Legislations on narcotics in Europe in 2016: common points and differences

 

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Memo, OFDT, 13 p.
December 2016

This Memo is structured in three parts. It first presents the international legislative framework established by the United Nations and the European Union and laid down in three treaties: the 1961 Single Convention on Narcotic Drugs (amended by the 1972 protocol), the 1971 Convention on Psychotropic Substances and the 1988 Convention Against Illicit Traffic in Narcotic Drugs and Psychotropic Substances.

It then compares the different legal systems in the 28 countries of the European Union and Norway. More than half of EU countries (18) have more lenient measures for drug users than the other countries, not applying penalties with deprivation of liberty for use or cases of "minor" possession. In contrast, the legislation in 6 countries  stipulates maximum penalties with deprivation of liberty for offences involving drug use and possession, with no distinction being made between different types of cases. In line with the international conventions in this respect, practically all European countries (26) opt for the incorporation of health care liable to be prescribed either in addition to or instead of the penalty. Overall, Europe therefore shares this representation according to which drug users are at least partly victims of an overwhelming addiction, requiring medical and social support. In all European countries, supply offences are penalised more heavily than the use or possession of narcotic substances. These fall within the scope of the criminal justice system.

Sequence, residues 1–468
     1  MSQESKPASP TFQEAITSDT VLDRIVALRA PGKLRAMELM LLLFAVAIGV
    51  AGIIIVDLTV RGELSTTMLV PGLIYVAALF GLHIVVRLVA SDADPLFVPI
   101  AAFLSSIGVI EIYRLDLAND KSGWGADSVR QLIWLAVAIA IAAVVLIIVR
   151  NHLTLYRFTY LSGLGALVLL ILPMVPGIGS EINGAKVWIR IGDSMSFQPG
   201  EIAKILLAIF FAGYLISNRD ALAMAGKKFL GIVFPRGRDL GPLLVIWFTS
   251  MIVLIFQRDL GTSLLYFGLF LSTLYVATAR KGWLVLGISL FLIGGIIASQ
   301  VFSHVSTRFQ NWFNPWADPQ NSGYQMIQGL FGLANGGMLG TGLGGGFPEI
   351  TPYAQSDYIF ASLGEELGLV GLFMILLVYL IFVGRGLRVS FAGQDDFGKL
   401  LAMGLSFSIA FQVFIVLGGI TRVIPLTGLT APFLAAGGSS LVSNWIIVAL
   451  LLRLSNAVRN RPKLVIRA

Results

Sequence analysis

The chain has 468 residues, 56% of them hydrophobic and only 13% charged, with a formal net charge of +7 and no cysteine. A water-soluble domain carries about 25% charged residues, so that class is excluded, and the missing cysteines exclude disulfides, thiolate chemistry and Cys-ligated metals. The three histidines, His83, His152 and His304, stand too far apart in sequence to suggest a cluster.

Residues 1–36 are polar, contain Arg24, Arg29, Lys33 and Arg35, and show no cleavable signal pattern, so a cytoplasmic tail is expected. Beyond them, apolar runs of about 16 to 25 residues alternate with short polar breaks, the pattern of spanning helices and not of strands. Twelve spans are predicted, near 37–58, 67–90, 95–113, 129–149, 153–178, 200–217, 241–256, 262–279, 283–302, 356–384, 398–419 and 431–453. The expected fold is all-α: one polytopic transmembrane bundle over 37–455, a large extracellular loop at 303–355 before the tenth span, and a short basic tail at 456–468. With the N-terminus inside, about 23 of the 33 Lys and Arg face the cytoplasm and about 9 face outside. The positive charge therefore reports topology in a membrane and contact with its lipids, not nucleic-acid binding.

In conclusion, the report focuses on the special case relating to new psychoactive substances (NPS), the development of which is putting the legislative systems in the different countries to the test. 

Two maps illustrate the legislation on narcotic substances in the UE, one focus on use/possession-related offences and the other on traffic-related offences.

Author : Caroline Protais

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